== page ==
When the Metropolitan Transportation Authority approved a reorganization plan for the first time in more than half a century, Gov. Andrew Cuomo called it “a good start,” but the leader of the New York City Council says the state-run agency is on the wrong track.
The plan, which was approved by the MTA Board Wednesday, would cut costs by nearly $500 million per year over the next three years while eliminating as many as 2,700 jobs that will prepare the agency to “dramatically improve service, end project delays and cost overruns, and finally establish the modern system customers deserve,” according to its press release.
“Now that the Board has approved these recommendations, the work of transforming the MTA into a world-class organization that provides its customers with the service they deserve begins,” said MTA Chairman and CEO Patrick J. Foye. “It’s a new day at the MTA, our customers have demanded change, and we’re going to deliver it for the first time in nearly 50 years.”
The MTA said the plan would “institutionalize the enormous success of the Subway Action Plan, which has proven to be working and has increased on-time performance to 81.5 percent, marking the first time it had crossed the 80 percent threshold in six years.”
The controversial plan, which was prepared by a consulting firm in just three months, was approved by the Board in a 10-1 vote with one abstention, and of the 42 public speakers who testified to the Board before the vote, not one endorsed the plan.
While Cuomo said it “now comes down to execution and sound management,” City Council Speaker Corey Johnson, who called for municipal control of the MTA when he delivered his first State of the City address at LaGuardia Community College in March, had strong doubts about the reorganization plan, which he said would take power from NYC Transit president Andy Byford who launched the $40 billion “Fast Forward” plan in May 2018 to modernize the subway system.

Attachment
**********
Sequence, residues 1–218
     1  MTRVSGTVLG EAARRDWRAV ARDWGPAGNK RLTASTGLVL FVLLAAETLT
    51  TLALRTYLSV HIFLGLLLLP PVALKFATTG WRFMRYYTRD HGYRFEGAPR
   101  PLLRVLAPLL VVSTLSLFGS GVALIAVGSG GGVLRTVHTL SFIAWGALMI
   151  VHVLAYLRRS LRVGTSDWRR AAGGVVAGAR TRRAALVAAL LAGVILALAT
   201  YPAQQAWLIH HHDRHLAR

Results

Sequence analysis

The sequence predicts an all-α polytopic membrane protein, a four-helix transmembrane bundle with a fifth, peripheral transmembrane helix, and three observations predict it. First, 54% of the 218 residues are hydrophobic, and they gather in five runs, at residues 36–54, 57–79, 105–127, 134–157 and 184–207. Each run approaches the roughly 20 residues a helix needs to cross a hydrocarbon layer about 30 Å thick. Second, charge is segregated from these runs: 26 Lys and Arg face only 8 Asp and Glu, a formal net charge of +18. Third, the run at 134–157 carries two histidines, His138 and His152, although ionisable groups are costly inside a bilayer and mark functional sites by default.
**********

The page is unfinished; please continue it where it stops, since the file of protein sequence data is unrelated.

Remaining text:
“I am disappointed but not surprised with the MTA reorganization plan and the process by which it is being pushed through,” Johnson said. “The plan creates new layers of bureaucracy and takes critical responsibilities away from Andy Byford. Byford is the one who is actually showing us that improvements in accessibility and on time performance are possible.”
Byford added his endorsement to the plan.
“This reorganization builds upon the progress made and will transform every aspect of our service and deliver modern, fully accessible transit to riders,” he said.
But the Johnson remains skeptical and vowed to hold a hearing on the matter.
“This was rushed and is being pushed through the board without any real public review,” Johnson said. “We need real accountability, not another opaque power grab. We won’t really fix the MTA until New York City controls its own transit destiny. The subways and buses are the lifeblood of New York. Massive changes to that system should not be made in 90 days, so the Council will hold a hearing on the MTA’s plan. New Yorkers deserve real answers and a chance to be heard.”
The transit advocacy group Riders Alliance said the reorganization would be judged by its impact on the quality of public transit in the city.
“No matter how the MTA is organized, Governor Cuomo is on the hook to provide service that is safe, fast, reliable and accessible,” Riders Alliance spokesman Danny Pearlstein said. Any monetary savings from the reorganization must be reinvested in more and better transit for over eight million daily riders. Following today’s vote, the governor should focus squarely on delivering an MTA capital plan that spends congestion pricing money to finally fix the subway.”
This story first appeared on QNS.com, one of our sister publications.
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